I was never much of a cook, but when I moved into the Pride House my sophomore year, the kitchen became my place to feel productive while also doing something therapeutic. My first taste-testers were my best friends. They came over every Friday night, but one week, I proposed we trade our pizza delivery for chicken parmesan.
We sat at my dining room table, all equally surprised that it tasted pretty damn good. And so it began: I made everything I could think of, casually asking if anybody was up for creme brulee, latkes or risotto. Still, we would always come back to chicken parm.
It wasn’t just breaded chicken cutlets with marinara sauce and cheese. Chicken parm became our code for a needed night in, all squeezed together on my worn-out couch, until one of us took the responsibility of calling it a night only a few hours before sunrise.
When I packed my bags in January to study for five months in Seville, Spain, I had mixed feelings. I was excited, but I was leaving my Friday nights behind — we would be spread across different time zones, cultures and countries. I asked for letters to read on the plane to Spain, and my 30-year-old brother wrote, “There will be times when all you want is to see a movie in English, to get a real cup of coffee, to seek out something bland and American like mac and cheese or a bagel. That’s OK.”
I laughed; I couldn’t imagine craving something American. But after a month of studying four hours of Spanish a day and living with a host family, I found myself longing for the familiar.
I had a break before new classes began, and I was doing a “friendship trip” across England and Ireland. In Ireland, I visited friends that I’d never met before but had talked to through social media for years. It hit me that I was entering a different culture where friends could be hosted at home for a meal, as opposed to the Spanish unwritten rule of going out. I suggested we host a potluck dinner.
That night, I sat in my new friend’s apartment at University College Cork, crying as I cracked an egg to dip the chicken in. Each ingredient — the breadcrumbs I scrambled to find in an Irish convenience store, the tomato sauce I stored in my friend’s fridge, parmesan and mozzarella I went to three supermarkets to find — all reminded me of my sacred Friday nights.
The realization that pieces of home could create comfort in a new country stuck with me like a sweet secret as I came upon other situations of newness. As I boarded a bus to Portugal with friends from Seville, I suggested we make some meals at the Airbnb to save money. Two nights later, I stood in a kitchen in an apartment in Faro, jamming to the Jonas Brothers as my friend roasted vegetables and I poured tomato sauce over the chicken. We finished our meals within minutes, but we stayed at the table for the next hour.
The conversations we had that night led to adventures: riding electric scooters through the city, singing Mamma Mia! to a restaurant of eye-rolling locals, and swimming in the freezing ocean while old Portuguese couples shook their heads. Sure, we weren’t immersing ourselves completely in the culture — we cooked nearly every meal and definitely were The Americans in every place we went — but by the time we returned, we were refueled by familiarity as we went back to our Spanish lives.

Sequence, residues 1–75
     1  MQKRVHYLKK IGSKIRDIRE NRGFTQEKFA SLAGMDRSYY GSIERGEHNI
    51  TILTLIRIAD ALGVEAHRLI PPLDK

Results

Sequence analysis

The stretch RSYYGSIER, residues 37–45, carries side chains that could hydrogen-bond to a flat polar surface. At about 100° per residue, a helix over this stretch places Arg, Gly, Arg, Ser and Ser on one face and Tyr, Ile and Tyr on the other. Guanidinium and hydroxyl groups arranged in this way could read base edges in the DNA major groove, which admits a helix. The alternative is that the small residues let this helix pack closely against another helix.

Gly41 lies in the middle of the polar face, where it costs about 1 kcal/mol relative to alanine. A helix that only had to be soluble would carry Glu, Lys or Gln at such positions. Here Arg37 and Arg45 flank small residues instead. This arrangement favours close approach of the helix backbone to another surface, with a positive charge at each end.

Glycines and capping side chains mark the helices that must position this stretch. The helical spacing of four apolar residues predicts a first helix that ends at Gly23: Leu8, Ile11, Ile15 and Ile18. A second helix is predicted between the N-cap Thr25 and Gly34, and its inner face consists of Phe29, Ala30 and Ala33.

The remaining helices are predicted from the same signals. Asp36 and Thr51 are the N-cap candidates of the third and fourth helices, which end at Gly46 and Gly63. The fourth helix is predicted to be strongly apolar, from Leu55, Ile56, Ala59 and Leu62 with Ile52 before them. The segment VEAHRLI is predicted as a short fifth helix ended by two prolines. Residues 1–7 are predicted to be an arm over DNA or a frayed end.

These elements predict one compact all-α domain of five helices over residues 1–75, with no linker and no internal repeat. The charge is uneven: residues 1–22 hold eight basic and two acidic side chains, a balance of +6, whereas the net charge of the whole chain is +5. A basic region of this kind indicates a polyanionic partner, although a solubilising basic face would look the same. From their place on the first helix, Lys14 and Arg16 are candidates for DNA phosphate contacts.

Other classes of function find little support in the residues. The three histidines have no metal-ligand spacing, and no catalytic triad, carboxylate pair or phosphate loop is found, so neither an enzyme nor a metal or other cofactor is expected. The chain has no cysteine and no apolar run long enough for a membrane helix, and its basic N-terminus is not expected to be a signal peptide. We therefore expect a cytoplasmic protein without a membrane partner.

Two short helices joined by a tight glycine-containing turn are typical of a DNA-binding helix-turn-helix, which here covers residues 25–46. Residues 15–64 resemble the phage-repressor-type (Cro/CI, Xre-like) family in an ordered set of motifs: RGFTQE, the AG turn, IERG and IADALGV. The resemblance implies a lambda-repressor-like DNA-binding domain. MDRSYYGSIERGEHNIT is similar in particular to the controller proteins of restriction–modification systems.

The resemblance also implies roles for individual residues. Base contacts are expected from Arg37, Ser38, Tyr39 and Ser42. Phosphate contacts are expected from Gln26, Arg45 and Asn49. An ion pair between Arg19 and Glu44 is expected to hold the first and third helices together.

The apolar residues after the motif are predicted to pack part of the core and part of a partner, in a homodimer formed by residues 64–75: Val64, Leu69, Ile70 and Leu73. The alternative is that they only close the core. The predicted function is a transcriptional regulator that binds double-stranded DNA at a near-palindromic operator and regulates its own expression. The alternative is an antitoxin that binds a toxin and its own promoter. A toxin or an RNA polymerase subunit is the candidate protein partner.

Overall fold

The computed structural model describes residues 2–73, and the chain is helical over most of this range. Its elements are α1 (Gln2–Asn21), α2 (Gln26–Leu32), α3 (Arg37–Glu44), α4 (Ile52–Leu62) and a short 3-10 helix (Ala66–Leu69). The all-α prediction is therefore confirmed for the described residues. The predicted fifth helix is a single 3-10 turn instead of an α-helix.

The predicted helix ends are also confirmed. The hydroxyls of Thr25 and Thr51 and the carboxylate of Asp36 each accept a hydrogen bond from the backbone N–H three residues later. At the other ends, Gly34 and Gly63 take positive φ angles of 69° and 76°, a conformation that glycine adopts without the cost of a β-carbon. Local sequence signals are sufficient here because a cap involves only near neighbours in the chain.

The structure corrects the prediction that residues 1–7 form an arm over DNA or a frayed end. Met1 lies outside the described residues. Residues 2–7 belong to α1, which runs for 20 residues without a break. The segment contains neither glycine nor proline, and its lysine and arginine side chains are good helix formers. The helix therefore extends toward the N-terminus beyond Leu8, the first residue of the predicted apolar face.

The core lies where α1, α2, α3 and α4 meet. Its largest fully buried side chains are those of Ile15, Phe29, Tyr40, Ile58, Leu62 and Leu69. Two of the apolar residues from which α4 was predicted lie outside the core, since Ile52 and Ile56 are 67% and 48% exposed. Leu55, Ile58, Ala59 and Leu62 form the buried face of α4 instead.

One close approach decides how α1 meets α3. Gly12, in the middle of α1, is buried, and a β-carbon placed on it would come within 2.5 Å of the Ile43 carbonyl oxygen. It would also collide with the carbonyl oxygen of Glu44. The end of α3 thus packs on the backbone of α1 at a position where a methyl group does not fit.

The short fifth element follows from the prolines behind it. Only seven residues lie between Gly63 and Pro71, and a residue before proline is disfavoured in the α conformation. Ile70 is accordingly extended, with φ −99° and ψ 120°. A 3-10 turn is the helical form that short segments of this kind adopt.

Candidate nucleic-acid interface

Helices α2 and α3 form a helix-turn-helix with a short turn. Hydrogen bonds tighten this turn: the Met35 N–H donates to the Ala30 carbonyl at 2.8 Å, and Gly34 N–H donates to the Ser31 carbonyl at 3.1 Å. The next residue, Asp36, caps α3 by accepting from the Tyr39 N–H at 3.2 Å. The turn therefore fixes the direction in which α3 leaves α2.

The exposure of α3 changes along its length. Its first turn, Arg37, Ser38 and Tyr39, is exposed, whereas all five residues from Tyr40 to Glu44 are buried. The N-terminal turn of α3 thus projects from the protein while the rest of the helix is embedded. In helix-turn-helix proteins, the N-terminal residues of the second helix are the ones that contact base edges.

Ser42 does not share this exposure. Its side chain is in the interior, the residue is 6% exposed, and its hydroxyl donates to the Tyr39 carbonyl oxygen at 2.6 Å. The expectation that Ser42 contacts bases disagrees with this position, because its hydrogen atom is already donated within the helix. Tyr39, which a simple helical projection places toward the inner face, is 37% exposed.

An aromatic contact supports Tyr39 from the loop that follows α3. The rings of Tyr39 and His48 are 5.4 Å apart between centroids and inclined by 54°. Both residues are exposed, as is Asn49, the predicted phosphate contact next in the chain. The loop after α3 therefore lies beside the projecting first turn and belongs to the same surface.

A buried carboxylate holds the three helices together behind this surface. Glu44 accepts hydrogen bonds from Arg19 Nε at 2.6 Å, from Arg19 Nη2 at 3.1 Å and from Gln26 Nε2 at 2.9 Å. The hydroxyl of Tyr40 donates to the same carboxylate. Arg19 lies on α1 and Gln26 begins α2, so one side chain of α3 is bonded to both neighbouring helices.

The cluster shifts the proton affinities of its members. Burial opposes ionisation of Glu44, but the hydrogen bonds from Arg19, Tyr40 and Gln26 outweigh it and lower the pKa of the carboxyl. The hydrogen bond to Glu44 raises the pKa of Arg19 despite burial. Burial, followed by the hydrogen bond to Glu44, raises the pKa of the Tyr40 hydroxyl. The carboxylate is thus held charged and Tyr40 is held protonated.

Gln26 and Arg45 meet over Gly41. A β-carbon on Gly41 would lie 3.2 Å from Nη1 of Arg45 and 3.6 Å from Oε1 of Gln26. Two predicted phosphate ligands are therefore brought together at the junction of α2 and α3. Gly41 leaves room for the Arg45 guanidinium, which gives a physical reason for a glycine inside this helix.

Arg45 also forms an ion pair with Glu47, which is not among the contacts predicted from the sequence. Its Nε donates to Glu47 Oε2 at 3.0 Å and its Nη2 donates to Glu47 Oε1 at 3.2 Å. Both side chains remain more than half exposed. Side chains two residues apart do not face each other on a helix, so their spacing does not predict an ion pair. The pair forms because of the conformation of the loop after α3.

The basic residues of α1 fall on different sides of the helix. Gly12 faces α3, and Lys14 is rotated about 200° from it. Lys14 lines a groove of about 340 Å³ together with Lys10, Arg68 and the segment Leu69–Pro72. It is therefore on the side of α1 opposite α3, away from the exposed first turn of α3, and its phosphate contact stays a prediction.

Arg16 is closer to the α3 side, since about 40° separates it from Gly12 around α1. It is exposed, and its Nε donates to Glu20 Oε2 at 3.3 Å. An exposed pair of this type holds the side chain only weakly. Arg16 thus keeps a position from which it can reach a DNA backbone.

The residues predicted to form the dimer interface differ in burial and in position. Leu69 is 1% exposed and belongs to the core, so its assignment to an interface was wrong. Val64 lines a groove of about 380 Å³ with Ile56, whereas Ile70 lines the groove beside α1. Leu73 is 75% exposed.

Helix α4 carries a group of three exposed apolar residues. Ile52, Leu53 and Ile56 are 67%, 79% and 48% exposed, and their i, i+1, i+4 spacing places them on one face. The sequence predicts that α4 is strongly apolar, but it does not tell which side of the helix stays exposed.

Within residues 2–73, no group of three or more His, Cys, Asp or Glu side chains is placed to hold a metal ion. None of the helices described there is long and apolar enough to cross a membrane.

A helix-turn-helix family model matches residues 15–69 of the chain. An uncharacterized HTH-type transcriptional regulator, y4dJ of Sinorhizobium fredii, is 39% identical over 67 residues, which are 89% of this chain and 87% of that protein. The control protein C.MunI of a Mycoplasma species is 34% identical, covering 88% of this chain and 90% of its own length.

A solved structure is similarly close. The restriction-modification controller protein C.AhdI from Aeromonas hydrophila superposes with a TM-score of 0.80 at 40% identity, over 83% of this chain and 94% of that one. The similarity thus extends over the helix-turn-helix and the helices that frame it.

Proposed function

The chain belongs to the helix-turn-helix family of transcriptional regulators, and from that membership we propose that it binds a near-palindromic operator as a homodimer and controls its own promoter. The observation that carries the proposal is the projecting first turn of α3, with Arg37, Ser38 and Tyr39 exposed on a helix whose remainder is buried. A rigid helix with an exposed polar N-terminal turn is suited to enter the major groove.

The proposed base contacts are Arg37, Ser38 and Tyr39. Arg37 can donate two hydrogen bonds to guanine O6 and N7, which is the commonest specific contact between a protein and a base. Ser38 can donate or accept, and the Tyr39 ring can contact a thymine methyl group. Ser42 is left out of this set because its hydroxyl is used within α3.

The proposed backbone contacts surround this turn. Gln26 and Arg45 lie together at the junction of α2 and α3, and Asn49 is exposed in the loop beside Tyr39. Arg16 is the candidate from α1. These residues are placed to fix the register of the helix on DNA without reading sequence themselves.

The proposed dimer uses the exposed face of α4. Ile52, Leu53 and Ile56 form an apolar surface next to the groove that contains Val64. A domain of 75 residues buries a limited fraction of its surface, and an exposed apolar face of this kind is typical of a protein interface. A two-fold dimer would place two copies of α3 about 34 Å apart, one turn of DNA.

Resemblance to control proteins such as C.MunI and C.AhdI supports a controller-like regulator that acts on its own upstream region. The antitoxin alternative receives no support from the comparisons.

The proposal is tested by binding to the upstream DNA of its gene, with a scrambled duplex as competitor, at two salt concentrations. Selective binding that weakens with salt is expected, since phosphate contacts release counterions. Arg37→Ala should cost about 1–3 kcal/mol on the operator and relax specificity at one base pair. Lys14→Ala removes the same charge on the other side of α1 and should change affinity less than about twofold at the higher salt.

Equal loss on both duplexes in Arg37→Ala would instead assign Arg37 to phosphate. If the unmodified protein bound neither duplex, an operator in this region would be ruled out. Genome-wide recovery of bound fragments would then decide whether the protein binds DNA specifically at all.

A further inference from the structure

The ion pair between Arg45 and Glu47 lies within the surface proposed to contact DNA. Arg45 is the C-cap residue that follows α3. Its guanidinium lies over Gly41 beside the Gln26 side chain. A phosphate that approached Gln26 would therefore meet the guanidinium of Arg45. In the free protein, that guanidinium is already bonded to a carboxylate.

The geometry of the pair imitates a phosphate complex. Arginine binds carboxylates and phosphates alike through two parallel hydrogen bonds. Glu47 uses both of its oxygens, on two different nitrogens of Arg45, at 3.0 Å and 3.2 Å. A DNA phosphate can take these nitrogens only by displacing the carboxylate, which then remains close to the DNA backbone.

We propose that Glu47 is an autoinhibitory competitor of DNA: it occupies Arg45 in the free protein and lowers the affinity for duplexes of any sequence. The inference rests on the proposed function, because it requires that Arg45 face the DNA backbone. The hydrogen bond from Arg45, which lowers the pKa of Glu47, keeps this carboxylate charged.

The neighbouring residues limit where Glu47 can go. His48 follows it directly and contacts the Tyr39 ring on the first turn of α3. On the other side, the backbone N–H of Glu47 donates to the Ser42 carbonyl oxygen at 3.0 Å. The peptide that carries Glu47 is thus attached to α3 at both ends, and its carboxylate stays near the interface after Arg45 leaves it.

When I saw my host dad frying chicken for dinner one day, I planted the seed. “¿Sabes qué es el pollo parmesano?” I asked. He shook his head, and his eyes grew wide as I explained it. The next week, we sat in the kitchen, setting out the ingredients. As we cooked, I told him how terrified I was for an upcoming scholarship interview, and he opened up to me about how he struggles to balance traveling for work and being there for his family.
Listen, I won’t lie: It was a little too spicy for the kids, because I could only find garlic tomato sauce, and the top could’ve used some basil, too. Regardless, that hour with my host dad was one that I couldn’t have dreamed up without the dish. I can identify that night in the kitchen as the moment when the invisible line between host student and family member was broken. In our post-chicken parm relationship, we had inside jokes, talked about our days, and sometimes, he’d even ask if I wanted to help make dinner.
Most of my “American” identity was stripped through my day-to-day Spanish activities. I would absentmindedly order a tinto de verano whenever I was out, the baristas at my local cafe knew to have a tostada ready for me every morning, and I taught English to Spanish students. My life in Spain didn’t have any comfort zones; every situation I walked into required translation of language and culture. I expected this — but I didn’t expect this arbitrary meal, this American delicacy, to be my savior and stalwart friend hundreds of miles away from anything familiar.
And as I moved back into the Pride House kitchen a few weeks ago, I pulled out my phone and texted the group chat: “Anybody up for chicken parm?”